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It seems to be common knowledge that pineapple tenderizes meat. Most sources say that it does so due to proteases (specifically bromelain). However, I've also seen suggestions that acid is an effective tenderizer on its own, and the Wikipedia article on bromelain in the meat tenderizing section says:

Although the quantity of bromelain in a typical serving of pineapple fruit is probably not significant, specific extraction can yield sufficient quantities for domestic and industrial processing.

which is sort of wishy-washy but might mean that there's not actually enough there for tenderizing.

It does seem that pineapple is effective, one way or another. (See for example Will a pineapple marinade reduce a beef roast to paste?)

So what's going on here?

Is the acidity important? Would something equally acidic tenderize just as well? It looks like lemon and lime juice have lower pH than pineapple juice, so how effective are they?

Is the bromelain important? Could you hypothetically neutralize the acidity of pineapple juice and still use it to tenderize, or do you need larger quantities of bromelain extracted for it to be effective?

  • Related (but about cooking, not marinating): cooking.stackexchange.com/q/13424/1672 – Cascabel Jan 27 '16 at 21:49
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    Interesting indeed. I always understood (or rather: assumed) that acidity was the major component in a tenderizer; In a way, it's predigesting the meat. I marinate quite a lot with tamarind, curious to see if there's something else going there. – Willem van Rumpt Jan 28 '16 at 5:55
  • By the way, if anyone wants to do side-by-side comparisons of marinating with fresh pineapple juice/puree, canned/cooked juice/puree, and a plain acid like lemon juice, I'd happily give a bounty for it. – Cascabel Jan 28 '16 at 18:10
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Update: After reading a bit on this, (and also fully reading the question) I found that there have been papers written on the effects of acid baths on meat tenderness as well as enzyme treatment: Acid: http://digitalcommons.unl.edu/cgi/viewcontent.cgi?article=1010&context=animalscidiss Enzyme: http://www.brainromania.ro/uploads/papers/effect-of-marination-with-proteolytic-enzymes-on-quality-of-beef-muscle-2012-409.pdf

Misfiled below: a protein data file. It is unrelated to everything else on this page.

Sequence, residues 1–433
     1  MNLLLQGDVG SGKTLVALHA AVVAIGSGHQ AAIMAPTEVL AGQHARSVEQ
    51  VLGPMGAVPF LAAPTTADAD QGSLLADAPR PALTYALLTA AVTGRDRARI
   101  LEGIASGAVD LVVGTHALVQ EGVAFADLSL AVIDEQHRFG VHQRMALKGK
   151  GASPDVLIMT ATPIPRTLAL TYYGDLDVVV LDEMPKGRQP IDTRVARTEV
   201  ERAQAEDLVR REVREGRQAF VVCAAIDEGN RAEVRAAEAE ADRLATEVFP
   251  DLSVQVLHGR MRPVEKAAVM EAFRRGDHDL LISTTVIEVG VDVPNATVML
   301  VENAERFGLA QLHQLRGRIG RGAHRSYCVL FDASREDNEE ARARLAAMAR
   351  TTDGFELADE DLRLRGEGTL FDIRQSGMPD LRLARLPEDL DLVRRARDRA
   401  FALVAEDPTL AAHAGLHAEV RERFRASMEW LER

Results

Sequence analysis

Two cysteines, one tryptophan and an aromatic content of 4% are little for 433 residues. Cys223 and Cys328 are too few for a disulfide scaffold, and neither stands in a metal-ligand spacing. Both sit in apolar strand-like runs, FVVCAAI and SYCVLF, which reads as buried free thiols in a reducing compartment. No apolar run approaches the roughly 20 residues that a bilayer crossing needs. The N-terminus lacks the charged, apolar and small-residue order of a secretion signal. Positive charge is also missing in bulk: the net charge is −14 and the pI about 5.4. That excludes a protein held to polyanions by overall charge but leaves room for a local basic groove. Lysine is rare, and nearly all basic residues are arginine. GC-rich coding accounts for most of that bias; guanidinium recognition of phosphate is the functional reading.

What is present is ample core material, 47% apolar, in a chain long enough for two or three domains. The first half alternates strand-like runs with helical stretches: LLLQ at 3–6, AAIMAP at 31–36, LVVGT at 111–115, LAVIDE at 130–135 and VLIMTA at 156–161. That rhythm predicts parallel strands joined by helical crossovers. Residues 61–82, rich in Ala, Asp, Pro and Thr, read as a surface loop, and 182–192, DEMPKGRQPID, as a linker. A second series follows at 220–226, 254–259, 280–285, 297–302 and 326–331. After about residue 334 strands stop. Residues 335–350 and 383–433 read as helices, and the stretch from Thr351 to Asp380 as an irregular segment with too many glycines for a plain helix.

It seems that food grade citric acid doesn't affect tenderness that much, where as a solution of Bromalain does, and at a greater effect than that found mixed in with the citric acid of Pineapple. There's no study comparing pineapples to oranges (Eh? See what I did there?) but this seems to say that the citric acid in food may have less of an effect than that of the digestive enzymes in them.

Please see below for previous answer if you'd like to point and laugh at those who skim questions and don't read fully.

So, I think I found the answer: http://science.howstuffworks.com/innovation/edible-innovations/pineapple-enzyme-tenderize-steak.htm

Apparently, acidity aside, the enzymes found in the stem of the Pineapple: Bromelain can divide the proteins found in muscular fiber. I'm going to copy and paste the next part from the article that goes a bit deeper into how Bromelain works (and I'm lazy):

Bromelain works in these capacities due to it's ability to separate amino acids. Amino acids are organic compounds within living cells. Amino acids join by forming peptide bonds, a link that connects one amino acid's amino group with the carboxyl group of another amino acid. When amino acids join through peptide bonds, they form proteins. These proteins can carry out numerous functions in the structure and operation of cells, tissues and organs.

This breaks down the peptide bonds that hold together proteins in collagen, which is what makes meat tough. The enzymes stop around 158 degrees Fahrenheit, so once they start cooking, their work is done. That's why it's important to marinate.

TLDR: Pineapple stems have Bromelain, which aside from a fun nickname breaks down Amino acids and dissolve the peptide bonds in collagen, which causes the firmness in meat.

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    Unfortunately, the question is not what bromelain does to proteins/meat (though you're totally right about that) it's about how strong the effect is from that compared to any effects from acidity when using pineapple juice. – Cascabel Jan 28 '16 at 17:55
  • Ah, right. Well, that teaches me for title skimming. – Beer_en_thu_si_asT Jan 28 '16 at 17:59
  • The article that I brought up doesn't even bring acid into the mix, though. You'd think if it had a comparable affect that it would be covered or at least mentioned? – Beer_en_thu_si_asT Jan 28 '16 at 18:01
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    Hopefully! Sometimes articles like that can end up misrepresenting or oversimplifying, though. I suspect that the bromelain matters at least some, because there's apparently less of an effect with cooked pineapple than with fresh, but I don't actually know how much less, so it's hard to say whether there's still also significant effects from the acid. – Cascabel Jan 28 '16 at 18:07
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    "pieces of meat marinated in a composition consisting of 15 g of pineapple pulp, 200 mL dry red wine, 2 tablespoons honey, 2 tablespoons grated horseradish, 2 teaspoons garlic, 1 tablespoon thyme, 1 tablespoon marjoram, salt and pepper" -- I guess they really wanted to be able to eat the results... and were really confident there's no significant enzymes in wine, honey, horseradish, or garlic?? – Cascabel Jan 28 '16 at 22:38

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